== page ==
Mountain-Prairie Region

Photo credit: Dorde Wright Woodruff & NPS - Tom Clark

Species Description:  Wright fishhook cactus (Sclerocactus wrightiae) is a small barrel shaped cactus, with short central spines.  Mature adults produce vessel shaped, cream colored flowers with magenta filaments.  In 1979, the Service listed this cactus as an endangered species (44 FR 58868) based on its limited population size and distribution as well as its known and potential threats from collection, mineral resource exploration and extraction activities, and off road vehicle (ORV) use.

Location:  Wright fishhook cactus is known to occur across portions of Utah's western Emery, southeastern Sevier, central Wayne and a small strip within Garfield Counties.  It has been found on soil formations such as Emery sandstone, Mancos shale, Dakota sandstone, Morrison, Summerville, Curtis, Entrada sandstone, Carmel, Moenkopi, and alluvium.  Vegetation associations include semi-barren sites within desert scrub or open pinyon juniper woodland communities at 4,200 to 7,600 feet in elevation.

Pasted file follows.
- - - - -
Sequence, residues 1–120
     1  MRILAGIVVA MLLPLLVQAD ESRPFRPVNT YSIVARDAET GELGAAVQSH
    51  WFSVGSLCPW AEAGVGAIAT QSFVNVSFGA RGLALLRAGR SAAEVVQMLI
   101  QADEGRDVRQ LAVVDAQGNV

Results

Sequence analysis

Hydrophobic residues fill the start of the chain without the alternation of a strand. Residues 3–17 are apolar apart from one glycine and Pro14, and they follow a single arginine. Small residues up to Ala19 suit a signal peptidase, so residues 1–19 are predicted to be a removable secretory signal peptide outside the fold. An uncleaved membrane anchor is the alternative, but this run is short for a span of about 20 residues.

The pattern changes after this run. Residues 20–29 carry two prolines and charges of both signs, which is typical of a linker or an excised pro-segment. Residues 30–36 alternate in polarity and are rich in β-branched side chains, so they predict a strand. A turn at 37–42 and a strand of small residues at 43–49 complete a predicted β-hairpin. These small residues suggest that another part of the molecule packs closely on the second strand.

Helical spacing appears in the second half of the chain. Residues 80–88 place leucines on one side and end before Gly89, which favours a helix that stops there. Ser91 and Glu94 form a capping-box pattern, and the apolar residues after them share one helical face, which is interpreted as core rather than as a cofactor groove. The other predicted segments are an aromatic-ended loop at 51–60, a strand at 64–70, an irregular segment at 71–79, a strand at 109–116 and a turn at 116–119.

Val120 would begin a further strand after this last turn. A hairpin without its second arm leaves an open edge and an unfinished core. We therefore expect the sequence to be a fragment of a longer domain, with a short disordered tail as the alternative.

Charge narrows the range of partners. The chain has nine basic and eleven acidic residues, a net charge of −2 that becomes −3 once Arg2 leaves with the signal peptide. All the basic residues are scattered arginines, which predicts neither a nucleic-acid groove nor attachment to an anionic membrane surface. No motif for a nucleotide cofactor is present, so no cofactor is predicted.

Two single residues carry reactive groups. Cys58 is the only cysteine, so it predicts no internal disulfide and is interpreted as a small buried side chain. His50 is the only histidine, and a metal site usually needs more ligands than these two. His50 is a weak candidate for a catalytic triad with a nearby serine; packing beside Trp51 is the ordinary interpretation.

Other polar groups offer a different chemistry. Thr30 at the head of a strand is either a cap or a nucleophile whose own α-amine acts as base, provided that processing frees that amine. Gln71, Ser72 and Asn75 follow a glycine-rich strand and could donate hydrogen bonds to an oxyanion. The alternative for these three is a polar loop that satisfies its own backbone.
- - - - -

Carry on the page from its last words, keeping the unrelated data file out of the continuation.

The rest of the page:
Recent Actions:  On August 3, 2005, the Service announced a finding that a petition to remove the Wright fishhook cactus from Federal protection under the Endangered Species Act did not provide substantial biological information to indicate that removal may be warranted (70 FR 44544).

On August 25, 2008, the Service completed a 5-year status review on Wright fishhook cactus. A 5-year review, based on the best scientific and commercial information available, is a periodic process conducted to ensure that the listing classification of a species is accurate. 

Wright's fishhook cactus Factsheet

More information can be found through the Service's ECOS webpage

Last updated: August 16, 2012